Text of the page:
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Attractive interest rates, flexible loans meet most RV buyers needs
By Stephen Evans

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Financing an RV is a relatively easy and straightforward process. Insurance plans designed to meet the specific needs of owners and their type of RV are also available through numerous insurers familiar with the way RVs are built, used and repaired.

One factor making it easier to purchase an RV is the predominant attitude among lenders that RVers are reliable buyers. Under 1.5 percent of all RV loans are delinquent. As a result, lenders are extending RV loan terms and making monthly payments more affordable, according to a survey of RV lenders published by Recreation Vehicle Industry Association (RVIA).

Loans for new, large RVs typically range from 10 to 20 years. Whether the purchase is financed through a bank, savings and loan, finance company, credit union or RV dealer, eight out of ten lenders require less than a 20 percent down payment. Nearly 30 percent of all lenders require a down payment of under 10 percent.

Loan terms for most used RVs usually require 10 to 20 percent down payments, but initial outlays are smaller because used RVs are priced lower. This makes it easy for the family on a budget to get into the RV lifestyle economically. Financing packages for used RVs generally extend from eight to 15 years. For the vast majority of RV buyers, the interest on their loan is deductible as second home mortgage interest. To qualify, the RV must be used as security for the loan and must have basic sleeping, toilet and cooking accommodations.

Virtually all RV types — motorhomes, van campers, travel trailers, truck campers and even some folding camping trailers — are equipped with these facilities. The Internal Revenue Service (IRS) publishes two booklets that contain helpful information regarding the tax deductibility of RV loan interest. Copies of "Publication 936 – Home Interest Deduction" and "Publication 523 -- Selling Your Home" are available by calling the IRS at 1-800-829-3676.

Many RVers these days are arranging the financing of their new or RV through online businesses rather than through RV dealers, or banks or other lenders. One company, Financial Underwriters Network, specializes in recreational vehicles and will pre-qualify a buyer online within about a minute.

One important thing to remember when financing an RV is to avoid getting "upside down" with a loan. This most often happens with a long-term loan on a new RV with a small down payment. "A couple of years later if an RVer wants to sell the RV he may be shocked to learn that because of its steep depreciation he owes more on it than he can sell it for," explained Chuck Woodbury, editor of NewRVer com and host of the Better Business Bureau DVD "Buying an RV."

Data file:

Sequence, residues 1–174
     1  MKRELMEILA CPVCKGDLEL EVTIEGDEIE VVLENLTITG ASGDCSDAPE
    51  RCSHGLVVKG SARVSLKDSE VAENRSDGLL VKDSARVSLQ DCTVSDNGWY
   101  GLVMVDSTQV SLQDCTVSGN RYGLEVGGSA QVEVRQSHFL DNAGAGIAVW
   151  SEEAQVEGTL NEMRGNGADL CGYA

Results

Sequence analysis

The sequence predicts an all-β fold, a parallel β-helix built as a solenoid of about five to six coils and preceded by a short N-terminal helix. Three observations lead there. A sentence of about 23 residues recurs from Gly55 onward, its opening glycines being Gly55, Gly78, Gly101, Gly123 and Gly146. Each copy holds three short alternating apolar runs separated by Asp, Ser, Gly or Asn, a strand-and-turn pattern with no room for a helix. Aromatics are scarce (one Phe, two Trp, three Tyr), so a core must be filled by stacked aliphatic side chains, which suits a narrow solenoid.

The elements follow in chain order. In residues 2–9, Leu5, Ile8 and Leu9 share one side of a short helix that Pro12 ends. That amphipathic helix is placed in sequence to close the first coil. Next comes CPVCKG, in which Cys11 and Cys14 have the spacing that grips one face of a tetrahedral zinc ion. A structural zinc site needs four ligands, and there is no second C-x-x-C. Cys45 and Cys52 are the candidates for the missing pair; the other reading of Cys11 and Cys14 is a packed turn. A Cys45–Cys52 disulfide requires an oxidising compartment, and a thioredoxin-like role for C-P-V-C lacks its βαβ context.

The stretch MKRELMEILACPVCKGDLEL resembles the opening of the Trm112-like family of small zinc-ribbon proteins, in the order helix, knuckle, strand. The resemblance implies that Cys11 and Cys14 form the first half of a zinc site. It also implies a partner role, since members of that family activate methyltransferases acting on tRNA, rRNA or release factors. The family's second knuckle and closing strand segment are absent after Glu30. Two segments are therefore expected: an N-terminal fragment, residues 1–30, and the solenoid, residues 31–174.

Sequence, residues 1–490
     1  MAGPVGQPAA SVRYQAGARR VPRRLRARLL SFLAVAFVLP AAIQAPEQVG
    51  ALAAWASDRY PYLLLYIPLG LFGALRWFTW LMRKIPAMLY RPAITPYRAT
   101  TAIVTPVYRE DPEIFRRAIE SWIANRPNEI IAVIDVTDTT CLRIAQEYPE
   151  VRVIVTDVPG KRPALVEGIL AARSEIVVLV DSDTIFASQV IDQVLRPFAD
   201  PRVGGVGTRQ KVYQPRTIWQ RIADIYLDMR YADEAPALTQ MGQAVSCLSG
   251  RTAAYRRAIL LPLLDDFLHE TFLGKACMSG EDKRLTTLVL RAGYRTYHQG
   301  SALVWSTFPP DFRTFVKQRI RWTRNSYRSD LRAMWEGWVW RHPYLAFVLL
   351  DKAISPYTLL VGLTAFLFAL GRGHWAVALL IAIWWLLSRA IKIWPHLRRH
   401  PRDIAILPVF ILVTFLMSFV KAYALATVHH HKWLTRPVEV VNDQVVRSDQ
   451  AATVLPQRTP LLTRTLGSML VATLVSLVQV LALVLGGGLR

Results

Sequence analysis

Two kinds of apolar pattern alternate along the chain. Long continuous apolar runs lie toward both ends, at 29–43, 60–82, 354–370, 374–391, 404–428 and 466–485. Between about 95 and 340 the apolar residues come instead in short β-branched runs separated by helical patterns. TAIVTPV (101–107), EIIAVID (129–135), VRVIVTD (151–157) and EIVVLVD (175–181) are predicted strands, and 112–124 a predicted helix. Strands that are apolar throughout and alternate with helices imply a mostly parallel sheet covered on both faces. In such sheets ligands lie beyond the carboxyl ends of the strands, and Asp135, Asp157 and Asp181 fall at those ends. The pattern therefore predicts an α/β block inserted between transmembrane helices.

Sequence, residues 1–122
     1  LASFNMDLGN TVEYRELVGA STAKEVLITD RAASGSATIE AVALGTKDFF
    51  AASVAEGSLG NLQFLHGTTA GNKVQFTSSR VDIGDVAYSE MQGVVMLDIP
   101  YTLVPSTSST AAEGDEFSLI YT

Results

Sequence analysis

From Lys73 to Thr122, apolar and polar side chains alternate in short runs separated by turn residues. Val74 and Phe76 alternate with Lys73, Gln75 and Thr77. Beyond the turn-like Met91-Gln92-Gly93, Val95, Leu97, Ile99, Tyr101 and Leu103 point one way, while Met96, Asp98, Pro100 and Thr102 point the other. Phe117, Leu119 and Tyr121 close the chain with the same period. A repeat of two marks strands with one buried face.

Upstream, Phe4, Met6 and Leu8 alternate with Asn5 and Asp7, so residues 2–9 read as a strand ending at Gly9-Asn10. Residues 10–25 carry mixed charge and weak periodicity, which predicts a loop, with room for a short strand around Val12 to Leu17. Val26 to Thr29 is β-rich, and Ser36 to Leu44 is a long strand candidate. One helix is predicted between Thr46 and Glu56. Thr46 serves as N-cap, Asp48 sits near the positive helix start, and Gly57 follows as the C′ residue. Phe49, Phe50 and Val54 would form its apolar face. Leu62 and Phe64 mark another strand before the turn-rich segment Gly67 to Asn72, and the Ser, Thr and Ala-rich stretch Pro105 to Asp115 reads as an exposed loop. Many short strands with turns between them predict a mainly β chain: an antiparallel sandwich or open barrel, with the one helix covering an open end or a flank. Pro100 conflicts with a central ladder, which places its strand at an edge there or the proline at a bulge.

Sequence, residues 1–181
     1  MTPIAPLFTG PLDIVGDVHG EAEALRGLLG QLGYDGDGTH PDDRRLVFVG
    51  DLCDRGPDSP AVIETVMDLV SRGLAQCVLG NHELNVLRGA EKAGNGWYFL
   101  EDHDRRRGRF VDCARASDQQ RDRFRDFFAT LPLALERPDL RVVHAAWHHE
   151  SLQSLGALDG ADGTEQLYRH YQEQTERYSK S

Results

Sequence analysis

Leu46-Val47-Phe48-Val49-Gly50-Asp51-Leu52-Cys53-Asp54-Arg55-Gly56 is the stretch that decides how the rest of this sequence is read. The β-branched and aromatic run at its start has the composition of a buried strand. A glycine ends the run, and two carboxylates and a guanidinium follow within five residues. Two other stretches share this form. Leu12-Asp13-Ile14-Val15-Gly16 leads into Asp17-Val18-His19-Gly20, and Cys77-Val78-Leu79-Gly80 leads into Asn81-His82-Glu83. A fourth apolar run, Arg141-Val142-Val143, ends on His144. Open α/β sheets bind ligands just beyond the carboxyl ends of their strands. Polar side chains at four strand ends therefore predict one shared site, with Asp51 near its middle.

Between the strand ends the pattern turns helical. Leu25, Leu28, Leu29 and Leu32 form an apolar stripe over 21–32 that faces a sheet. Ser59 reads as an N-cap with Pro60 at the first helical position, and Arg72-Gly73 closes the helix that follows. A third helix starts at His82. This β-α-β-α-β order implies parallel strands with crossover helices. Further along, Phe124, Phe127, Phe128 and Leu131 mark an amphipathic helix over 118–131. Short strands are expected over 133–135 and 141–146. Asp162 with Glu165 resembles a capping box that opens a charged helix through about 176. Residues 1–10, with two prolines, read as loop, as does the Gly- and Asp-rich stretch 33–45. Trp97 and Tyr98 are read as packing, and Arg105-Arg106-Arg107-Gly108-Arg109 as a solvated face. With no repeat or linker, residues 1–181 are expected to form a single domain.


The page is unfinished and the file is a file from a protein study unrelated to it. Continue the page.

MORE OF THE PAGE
Insuring an RV

Some RV dealers and lenders also offer RV insurance programs or may refer clients to an appropriate agency. RVs are specialized vehicles with unique insurance needs. Coverage on furnishings, fixtures, appliances and personal items are among the many differences between regular automobile and RV insurance. Insurers familiar with RVs are most likely to provide the best coverage and service with the lowest premium costs. One of NewRVer.com's sponsors, Explorer RV, will offer a quote through its website.

"Today's financing and insurance options make buying an RV easier than ever," said David J. Humphreys, president of the Recreation Vehicle Industry Association. "Families can readily find a vehicle, payment and insurance plan to fit their needs. Retail prices start as little as $3,300 for folding camping trailers, $9,500 for conventional travel trailers and $47,000 for motorhomes—and much less for a used RV."

If you plan to buy an RV but have a question about your credit history, and if it might affect your ability to obrtain credit, you can get some peace of mind through an instant credit report online from Equifax. I used this service recently before buying my new home and felt more confident when approaching the mortgage lender, knowing that there were no blips on my report. A credit report may also reveal misinformation that you can correct before applying for a loan. Furthermore, knowing your credit is solid may give you the confidence to negotiate a lower finance rate as author Bob Randall explains in his book "RV Buyers Survival Guide."




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